US Senate votes against indefinite detention of Caribbean immigrants
WASHINGTON, USA – The United States Senate has voted in favour of barring the government from imprisoning Caribbean and other nationals who are US citizens and permanent residents and are arrested and held in indefinite detention without trial.
The Senate voted 67 to 29 in adding the measure, sponsored by Senators Dianne Feinstein, Democrat of California, and Mike Lee, Republican of Utah, as an amendment to the National Defence Authorization Act, now pending on the Senate floor.
“What if something happens, and you are of the wrong race in the wrong place at the wrong time, and you are picked up and held without trial or charge in detention ad infinitum?” said Feinstein during the floor debate.
“We want to clarify that that isn’t the case — that the law does not permit an American or a legal resident to be picked up and held without end, without charge or trial,” she added.
Feinstein said the amendment is aimed at clarifying that the US government not put US citizens arrested domestically in military detention.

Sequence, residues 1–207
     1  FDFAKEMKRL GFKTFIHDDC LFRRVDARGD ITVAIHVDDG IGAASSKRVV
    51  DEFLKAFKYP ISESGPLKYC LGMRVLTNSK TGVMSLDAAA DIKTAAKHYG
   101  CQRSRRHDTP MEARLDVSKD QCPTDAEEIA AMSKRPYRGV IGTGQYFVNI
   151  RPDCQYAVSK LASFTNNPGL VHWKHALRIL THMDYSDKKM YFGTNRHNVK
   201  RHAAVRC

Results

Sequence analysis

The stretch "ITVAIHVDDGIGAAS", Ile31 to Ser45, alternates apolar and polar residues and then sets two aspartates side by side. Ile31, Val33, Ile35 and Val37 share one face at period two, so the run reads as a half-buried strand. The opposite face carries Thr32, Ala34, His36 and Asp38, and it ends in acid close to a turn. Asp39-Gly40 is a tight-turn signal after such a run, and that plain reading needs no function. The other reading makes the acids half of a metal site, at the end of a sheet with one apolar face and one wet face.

She said she limited the amendment to citizens and permanent residents, otherwise known as green card holders, because she thought the language would “get the maximum number of votes in this body.”
But some legislators have objected to the amendment, saying that US citizens arrested inside the United States on suspicion of planning a terrorist attack should be held under the laws of war and interrogated without receiving the protections of ordinary criminal suspects, like a Miranda warning of a right to remain silent.
Other civil liberties and human rights groups, such as the American Civil Liberties Union (ACLU) and Human Rights First, have also objected to the amendment.
They say that it is too limited to American citizens and green card holders, rather than to all people.
“Senator Dianne Feinstein has introduced an amendment that superficially looks like it could help, but in fact, would cause harm,” said Chris Anders of the ACLU.